Eastern Morocco is mostly desert. That is a broad term, though, and most desert is not what you might think. The picturesque, sandy desert with dunes (like Erg Chebbi) is fairly rare. Your average Moroccan desert is a bleak expanse of blackish-brown gravel, like a half-finished road paving project.

Trees, when you see them, are mostly acacias. Driving around Morocco I would sometimes forget that we were technically in Africa, but seeing those acacias with their splayed branches and flat crowns made me want to bust out that song from The Lion King. You know the one.

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Back in July, we went to Kentucky for a long weekend. On the way down, we stopped into a zoo we hadn’t visited in almost ten years. We had last been to Cincinnati Zoo in 2010, when we went to visit my friend Andrew who lived there at the time. I remembered it being a beautiful place, very hilly and well-landscaped, with lots of old brick buildings. I’m happy to say that it was as lovely as I remembered, and even though it poured rain a good portion of our visit, we had a great time and took some good pictures.

Sleeping Red Panda, Cincinnati Zoo

Sleeping Red Panda, Cincinnati Zoo

The red panda exhibit was a lot like Detroit zoo’s, with the pandas on a little island surrounded by a ditch and a low fence. The pandas were up in the trees and very visible, especially this lazy fellow who just wanted to sleep.

Lemur Huddle

Lemur Huddle

Apparently, a group of lemurs is called a conspiracy. 😂 These guys looked like they were up to something. I really like these kinds of exhibits, where the animals are at eye level, high up on a rocky island surrounded by a moat.

Sunbittern

Sunbittern

The name “Sunbittern” is appealing on many levels. Just saying it makes me think of morning in some dappled jungle, sunlight streaming through the leaves and the scent of fruit and rain in the air. Also, “bittern” makes me think of “bitters”, so I picture a veranda and a pitcher of gin and tonics. None of this says anything about the bird or the zoo, so let me tell you that Cincinnati has a lovely walk-through jungle aviary and this guy lives there.

Fiona Smiles

Fiona Smiles

Fiona is, of course, the reason we came. She captivated the world (or maybe just the Midwest?) a few years ago, as the first prematurely-born hippo baby to ever survive in captivity. The zoo has really marketed the hell out of her, which is appropriate because she is adorable. You’ll be happy to know that you can buy a #TeamFiona t-shirt in the gift shop. It was raining like crazy when we came through Fiona’s exhibit and there was a crowd of people hiding under the roofed area in front of her. There was no roof over Fiona’s quarters and she seemed to alternate between stoic and annoyed. Resting her head on her mama’s back, she gave the crowd a wistful hippo smile.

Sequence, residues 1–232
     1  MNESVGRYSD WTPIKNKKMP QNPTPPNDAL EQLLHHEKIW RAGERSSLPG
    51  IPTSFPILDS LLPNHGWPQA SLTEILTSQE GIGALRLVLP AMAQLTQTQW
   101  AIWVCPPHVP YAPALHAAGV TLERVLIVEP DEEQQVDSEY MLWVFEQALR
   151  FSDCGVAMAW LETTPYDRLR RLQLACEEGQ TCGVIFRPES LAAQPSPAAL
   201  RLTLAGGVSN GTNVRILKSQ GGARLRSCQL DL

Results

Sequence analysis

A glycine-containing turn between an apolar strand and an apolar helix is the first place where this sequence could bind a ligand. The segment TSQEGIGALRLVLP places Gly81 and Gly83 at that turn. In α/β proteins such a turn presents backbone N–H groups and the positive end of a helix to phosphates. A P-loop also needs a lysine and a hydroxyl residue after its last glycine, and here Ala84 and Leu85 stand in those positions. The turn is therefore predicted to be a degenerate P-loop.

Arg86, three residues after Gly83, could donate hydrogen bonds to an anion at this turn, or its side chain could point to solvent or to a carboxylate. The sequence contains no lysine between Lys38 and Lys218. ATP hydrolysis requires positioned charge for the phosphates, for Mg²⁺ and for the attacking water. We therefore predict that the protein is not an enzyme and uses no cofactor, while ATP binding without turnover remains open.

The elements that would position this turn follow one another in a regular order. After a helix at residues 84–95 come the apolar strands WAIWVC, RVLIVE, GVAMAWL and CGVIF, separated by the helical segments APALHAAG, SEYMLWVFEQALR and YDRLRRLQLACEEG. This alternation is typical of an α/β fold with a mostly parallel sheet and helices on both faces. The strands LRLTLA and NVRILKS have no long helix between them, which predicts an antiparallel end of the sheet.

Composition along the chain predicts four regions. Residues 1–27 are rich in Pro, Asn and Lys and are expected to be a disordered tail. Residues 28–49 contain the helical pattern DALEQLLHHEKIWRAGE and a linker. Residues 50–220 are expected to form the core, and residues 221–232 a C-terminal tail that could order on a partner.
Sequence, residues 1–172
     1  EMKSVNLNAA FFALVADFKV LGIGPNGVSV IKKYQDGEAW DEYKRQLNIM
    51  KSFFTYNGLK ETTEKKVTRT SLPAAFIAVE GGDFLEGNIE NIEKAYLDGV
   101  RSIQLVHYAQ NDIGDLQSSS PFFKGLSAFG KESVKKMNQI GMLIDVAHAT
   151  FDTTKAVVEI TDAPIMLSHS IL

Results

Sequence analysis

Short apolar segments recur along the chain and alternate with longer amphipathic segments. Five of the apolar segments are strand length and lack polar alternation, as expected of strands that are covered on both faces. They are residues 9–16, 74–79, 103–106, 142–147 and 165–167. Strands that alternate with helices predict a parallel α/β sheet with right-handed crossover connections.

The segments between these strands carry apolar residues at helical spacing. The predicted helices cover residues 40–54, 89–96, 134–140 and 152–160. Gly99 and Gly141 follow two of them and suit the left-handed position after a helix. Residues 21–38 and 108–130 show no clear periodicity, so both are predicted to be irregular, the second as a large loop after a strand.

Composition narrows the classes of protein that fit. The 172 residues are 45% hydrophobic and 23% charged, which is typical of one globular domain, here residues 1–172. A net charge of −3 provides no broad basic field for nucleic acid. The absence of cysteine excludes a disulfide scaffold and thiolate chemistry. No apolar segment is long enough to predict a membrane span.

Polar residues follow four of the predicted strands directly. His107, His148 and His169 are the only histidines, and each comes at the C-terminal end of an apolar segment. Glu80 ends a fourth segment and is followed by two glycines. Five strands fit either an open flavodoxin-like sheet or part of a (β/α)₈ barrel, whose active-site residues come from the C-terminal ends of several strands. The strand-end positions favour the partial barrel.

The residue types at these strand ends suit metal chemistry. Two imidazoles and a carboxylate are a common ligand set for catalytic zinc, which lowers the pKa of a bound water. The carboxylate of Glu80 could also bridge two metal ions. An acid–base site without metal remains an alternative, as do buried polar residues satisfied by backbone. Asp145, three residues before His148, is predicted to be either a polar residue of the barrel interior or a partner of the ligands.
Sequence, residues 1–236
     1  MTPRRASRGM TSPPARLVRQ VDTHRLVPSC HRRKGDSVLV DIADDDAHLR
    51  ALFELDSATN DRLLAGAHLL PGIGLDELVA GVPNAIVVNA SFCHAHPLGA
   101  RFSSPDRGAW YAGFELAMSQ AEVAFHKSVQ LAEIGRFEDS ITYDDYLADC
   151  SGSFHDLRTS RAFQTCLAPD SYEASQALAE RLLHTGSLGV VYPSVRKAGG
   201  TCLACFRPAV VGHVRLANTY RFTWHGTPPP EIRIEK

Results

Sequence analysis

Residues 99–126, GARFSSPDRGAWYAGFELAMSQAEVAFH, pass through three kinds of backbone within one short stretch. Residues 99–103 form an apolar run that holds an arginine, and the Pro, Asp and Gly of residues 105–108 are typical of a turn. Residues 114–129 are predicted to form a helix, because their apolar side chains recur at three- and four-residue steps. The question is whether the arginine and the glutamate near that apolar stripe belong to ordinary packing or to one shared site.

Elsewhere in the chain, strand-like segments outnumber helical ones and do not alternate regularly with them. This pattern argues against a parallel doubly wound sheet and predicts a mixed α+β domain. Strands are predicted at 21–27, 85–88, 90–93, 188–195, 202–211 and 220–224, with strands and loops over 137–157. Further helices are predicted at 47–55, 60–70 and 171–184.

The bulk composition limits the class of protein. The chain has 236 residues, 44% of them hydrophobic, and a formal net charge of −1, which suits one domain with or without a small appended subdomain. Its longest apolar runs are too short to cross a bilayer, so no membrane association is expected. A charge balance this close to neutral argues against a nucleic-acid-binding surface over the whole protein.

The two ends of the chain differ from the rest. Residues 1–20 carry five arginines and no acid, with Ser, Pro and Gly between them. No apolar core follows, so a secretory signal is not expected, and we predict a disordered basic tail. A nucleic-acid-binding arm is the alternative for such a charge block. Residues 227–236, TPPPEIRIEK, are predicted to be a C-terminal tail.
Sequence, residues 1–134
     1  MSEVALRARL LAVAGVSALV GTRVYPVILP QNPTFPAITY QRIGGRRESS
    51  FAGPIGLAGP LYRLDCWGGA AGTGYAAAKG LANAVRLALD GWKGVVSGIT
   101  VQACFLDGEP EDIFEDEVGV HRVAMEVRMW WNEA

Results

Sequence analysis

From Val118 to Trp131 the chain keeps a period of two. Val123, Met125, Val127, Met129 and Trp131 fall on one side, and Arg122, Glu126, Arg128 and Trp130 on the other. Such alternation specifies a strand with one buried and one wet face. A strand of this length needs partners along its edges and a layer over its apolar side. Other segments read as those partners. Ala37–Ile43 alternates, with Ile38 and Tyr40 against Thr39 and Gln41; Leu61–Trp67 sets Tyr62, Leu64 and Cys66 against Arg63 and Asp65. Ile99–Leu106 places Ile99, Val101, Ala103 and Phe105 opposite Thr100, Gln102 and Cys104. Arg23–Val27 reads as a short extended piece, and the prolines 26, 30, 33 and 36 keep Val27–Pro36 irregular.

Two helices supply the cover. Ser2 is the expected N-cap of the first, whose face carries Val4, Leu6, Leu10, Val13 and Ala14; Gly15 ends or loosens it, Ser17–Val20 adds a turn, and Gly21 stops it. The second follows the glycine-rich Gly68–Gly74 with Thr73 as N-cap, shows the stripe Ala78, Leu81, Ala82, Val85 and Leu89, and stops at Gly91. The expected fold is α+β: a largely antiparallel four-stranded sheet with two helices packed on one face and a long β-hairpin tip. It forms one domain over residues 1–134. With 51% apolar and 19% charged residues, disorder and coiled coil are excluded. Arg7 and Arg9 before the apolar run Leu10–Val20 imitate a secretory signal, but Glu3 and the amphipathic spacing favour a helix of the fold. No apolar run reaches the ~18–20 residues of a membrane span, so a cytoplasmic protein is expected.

Here are a few more pictures from Kasbah Leila, our desert hotel in the Erg Chebbi dunes of eastern Morocco.

Kasbah Leila Morning

Kasbah Leila Morning

We got up very early in the morning to take photos of the sunrise over the temporary lake at Kasbah Leila. Watching the sun set over the dunes is one of my best memories of Morocco, and standing here on a little rise between two lakes, with Kasbah Leila in the distance and Michelle by my side, is another.

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Back in February we flew to Newburgh, NY for a long weekend in the Hudson Valley. The weather was cold but the river and mountains were beautiful, and the small towns were charming.

Here are a few pictures from Walkway Over the Hudson State Historic Park, a former railway bridge converted into a park and walking trail.

Poughkeepsie in the Morning
Downtown Poughkeepsie is full of sturdy, timeless brick buildings that glow beautifully in the morning sun.
Walkway Over the Hudson
High above the icy river at Walkway Over the Hudson State Historic Park.
Hudson River at Poughkeepsie
A mile or so downriver, the elegant Mid-Hudson bridge carries US Highway 44 and NY Highway 55 across to the town of Highland and the Shawangunk foothills beyond.

Four months later, the part of my Moroccan trip that I remember most vividly is the day and night we spent in the Sahara. We drove east from Tinghir, changed to a four-wheel drive at Rissani, and went south and east into the desert until we left the road behind. There was nothing all around us but horizon and sand.

Erg Chebbi
Erg Chebbi

And then, suddenly: dunes! They were enormous, literal mountains of sand. All around the base stood a ring of camp-hotels, hugging the dirt track. One of these, Kasbah Leila, would be our home for the night. The heat was stifling; it was a hundred degrees in the shade, and there was hardly any of that.

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